Looking at the Cardinals offense, it’s clear the Buccaneers will need to play disciplined football with solid tackling across the formation.
Of course, this is the goal every week, isn’t it?
Several people have called for the Bucs defense to get a bit more aggressive. Specifically, they want to see second-year cornerback Vernon Hargreaves III take strides towards shutting down opposing receivers.
While Arizona’s Carson Palmer certainly looked like the lesser quarterback against the Philadelphia Eagles in Week 5, his stat line still neared 300-yards on the day. He also added his team’s lone score of the game.
None of this matters in the end as his team lost, but it shows Tampa can allow Palmer to get his yards, and still walk away with a strong performance.
For one, the passing attack used by the Cardinals is predicated on executing the short game, and luring in defenders for a deep strike.
In 2016, this team ran seven short passing plays or runs before trying to push the ball downfield with a pass. Against Philly, they ran 12 before finally taking a shot downfield.
There’s two reasons for this from what I’ve seen. The first, is Palmer himself.
Perhaps because Palmer is known to throw his passes on pretty flat trajectories early in routes, Douglas freezes, allowing the pass to sail over his head – almost.
However, as you can see here:
The ball is coming in short, as Brown has to completely stop his forward momentum in an attempt to catch the pass.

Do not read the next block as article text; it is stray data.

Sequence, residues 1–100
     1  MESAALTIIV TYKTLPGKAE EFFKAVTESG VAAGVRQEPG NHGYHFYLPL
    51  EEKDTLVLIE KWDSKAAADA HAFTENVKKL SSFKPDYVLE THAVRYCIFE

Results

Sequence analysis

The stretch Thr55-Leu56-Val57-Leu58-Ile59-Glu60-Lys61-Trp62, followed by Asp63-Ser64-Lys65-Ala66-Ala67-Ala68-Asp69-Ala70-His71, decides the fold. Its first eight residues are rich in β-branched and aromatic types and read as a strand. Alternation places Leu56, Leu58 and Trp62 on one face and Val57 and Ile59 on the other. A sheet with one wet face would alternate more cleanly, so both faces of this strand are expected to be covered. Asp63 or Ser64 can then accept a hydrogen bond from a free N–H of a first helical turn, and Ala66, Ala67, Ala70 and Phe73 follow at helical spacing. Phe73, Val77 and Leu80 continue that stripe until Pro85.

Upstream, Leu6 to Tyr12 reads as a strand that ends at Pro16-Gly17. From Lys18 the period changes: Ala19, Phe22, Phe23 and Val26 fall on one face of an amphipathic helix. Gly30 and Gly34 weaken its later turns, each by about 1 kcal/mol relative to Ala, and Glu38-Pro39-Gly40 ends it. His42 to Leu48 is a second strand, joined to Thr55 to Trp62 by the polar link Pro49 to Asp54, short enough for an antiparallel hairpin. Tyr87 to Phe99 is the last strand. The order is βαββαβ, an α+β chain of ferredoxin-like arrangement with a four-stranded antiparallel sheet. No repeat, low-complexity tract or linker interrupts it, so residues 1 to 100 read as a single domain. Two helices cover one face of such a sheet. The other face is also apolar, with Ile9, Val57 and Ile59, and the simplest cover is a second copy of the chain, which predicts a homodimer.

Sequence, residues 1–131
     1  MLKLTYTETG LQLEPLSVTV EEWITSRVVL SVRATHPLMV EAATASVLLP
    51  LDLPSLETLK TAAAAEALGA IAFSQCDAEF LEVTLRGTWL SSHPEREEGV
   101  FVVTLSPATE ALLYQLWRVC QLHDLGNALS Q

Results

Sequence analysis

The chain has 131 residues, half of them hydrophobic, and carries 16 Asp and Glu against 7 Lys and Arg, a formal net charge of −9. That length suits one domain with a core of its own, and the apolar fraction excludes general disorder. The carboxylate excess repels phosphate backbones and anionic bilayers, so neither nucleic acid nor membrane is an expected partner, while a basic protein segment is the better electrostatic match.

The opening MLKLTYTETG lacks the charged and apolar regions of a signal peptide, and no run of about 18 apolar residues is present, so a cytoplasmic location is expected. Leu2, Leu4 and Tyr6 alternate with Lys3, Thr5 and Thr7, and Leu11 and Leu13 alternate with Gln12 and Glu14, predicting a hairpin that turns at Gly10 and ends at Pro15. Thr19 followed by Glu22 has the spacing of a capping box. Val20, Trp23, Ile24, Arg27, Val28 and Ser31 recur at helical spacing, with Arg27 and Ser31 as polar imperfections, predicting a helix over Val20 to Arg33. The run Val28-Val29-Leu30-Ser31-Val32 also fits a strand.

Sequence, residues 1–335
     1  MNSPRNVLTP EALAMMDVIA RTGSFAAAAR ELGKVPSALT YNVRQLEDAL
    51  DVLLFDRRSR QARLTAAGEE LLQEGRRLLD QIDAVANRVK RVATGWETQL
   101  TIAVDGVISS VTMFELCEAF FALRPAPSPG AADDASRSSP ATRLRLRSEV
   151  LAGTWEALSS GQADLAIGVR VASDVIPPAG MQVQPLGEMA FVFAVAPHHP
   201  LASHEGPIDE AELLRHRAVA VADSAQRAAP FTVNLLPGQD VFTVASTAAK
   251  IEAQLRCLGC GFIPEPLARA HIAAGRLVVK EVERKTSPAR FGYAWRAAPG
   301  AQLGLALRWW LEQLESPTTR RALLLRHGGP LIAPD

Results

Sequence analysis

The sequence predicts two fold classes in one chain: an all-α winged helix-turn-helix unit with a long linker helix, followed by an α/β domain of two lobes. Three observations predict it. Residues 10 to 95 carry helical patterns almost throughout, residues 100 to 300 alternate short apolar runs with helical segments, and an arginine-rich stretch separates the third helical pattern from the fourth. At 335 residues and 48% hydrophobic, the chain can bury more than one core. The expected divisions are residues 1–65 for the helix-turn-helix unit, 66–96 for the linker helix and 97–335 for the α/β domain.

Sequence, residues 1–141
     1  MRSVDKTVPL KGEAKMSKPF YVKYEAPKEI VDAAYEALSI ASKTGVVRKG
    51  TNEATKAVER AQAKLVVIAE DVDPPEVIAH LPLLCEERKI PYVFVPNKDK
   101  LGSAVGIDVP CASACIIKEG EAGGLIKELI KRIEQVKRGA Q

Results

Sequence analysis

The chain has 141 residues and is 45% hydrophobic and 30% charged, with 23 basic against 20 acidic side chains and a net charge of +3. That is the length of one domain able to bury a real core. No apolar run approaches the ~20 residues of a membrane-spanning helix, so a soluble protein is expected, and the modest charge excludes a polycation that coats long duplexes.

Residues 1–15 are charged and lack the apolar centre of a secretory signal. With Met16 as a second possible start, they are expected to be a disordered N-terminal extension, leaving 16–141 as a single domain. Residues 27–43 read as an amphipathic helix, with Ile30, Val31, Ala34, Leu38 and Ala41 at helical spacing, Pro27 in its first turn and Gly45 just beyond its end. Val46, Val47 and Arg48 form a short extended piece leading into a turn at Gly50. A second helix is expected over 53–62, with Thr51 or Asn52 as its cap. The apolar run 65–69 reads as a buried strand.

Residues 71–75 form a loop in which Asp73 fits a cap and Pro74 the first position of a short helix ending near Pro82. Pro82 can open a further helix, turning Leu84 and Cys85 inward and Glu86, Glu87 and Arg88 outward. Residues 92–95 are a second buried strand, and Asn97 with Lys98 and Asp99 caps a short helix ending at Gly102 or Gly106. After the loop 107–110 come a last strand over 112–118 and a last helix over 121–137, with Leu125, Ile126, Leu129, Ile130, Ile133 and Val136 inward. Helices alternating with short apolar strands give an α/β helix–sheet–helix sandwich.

This allows the burned rookie to recover, and get a hand on the ball to break up the pass. Had Douglas not jumped forward on what he perceived to be a straight-line pass, he’d have been in perfect position to gather in an early interception.
Compare this to last year’s version of Carson Palmer.
Now, the image above still turns out to be an incompletion for the Cardinals, but for very different reasons.
This pass is from the 2016 contest between the Buccaneers and Arizona, and the pass is intended for Michael Floyd, now of the Minnesota Vikings.
Defending is Brent Grimes. Look at his positioning on the throw. He’s tailing the receiver in coverage and is in a good position if the ball is underthrown like the previous one was.
However, in this case, Palmer get enough under it that the pass is in front of the receiver, like the ball in Philadelphia should’ve been. Considering Grimes’ veteran status and football acumen, it’s unlikely you’ll ever see him bite on a throw as hard as Douglas did last week.
If Palmer can’t get his passes over the top of defenders this week, this picture could turn into an interception for one of the Buccaneers defenders.
Had he put this kind of trajectory on his pass attempt to Brown, it’d have gone for an early score for Arizona in Week 5. Whether it was the road environment, a less effective offensive line, or maybe his age showing, the Bucs need to look out early to see if this is the same Palmer who completed multiple passes of 50+ yards against this defense just over a year ago.